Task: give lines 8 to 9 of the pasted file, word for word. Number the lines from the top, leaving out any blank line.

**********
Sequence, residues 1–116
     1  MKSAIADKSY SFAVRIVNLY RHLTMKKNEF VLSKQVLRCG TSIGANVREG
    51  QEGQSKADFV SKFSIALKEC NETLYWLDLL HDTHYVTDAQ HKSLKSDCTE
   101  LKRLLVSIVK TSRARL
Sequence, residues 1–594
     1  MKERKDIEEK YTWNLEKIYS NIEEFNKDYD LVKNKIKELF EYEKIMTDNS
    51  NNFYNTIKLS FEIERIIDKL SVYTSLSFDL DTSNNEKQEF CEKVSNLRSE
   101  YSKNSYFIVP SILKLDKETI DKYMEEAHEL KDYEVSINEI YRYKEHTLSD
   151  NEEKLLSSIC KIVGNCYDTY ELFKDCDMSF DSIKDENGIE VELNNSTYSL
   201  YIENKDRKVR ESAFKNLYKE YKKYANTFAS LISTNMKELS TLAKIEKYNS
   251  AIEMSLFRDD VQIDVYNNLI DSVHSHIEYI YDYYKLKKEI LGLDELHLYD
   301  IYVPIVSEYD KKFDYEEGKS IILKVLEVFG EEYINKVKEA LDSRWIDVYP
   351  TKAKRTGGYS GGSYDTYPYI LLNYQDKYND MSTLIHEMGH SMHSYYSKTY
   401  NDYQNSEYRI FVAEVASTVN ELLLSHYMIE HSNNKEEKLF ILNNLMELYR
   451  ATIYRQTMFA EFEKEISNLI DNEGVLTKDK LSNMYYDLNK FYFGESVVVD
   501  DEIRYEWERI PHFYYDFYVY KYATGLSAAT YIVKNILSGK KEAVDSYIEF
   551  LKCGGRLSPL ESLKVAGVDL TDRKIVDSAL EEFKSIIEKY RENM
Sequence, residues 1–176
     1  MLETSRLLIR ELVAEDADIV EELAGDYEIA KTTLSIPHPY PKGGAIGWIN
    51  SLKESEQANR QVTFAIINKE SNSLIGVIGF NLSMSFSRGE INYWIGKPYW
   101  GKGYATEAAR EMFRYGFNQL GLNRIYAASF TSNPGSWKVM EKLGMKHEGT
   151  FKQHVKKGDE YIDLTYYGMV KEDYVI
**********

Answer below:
   101  YSKNSYFIVP SILKLDKETI DKYMEEAHEL KDYEVSINEI YRYKEHTLSD
   151  NEEKLLSSIC KIVGNCYDTY ELFKDCDMSF DSIKDENGIE VELNNSTYSL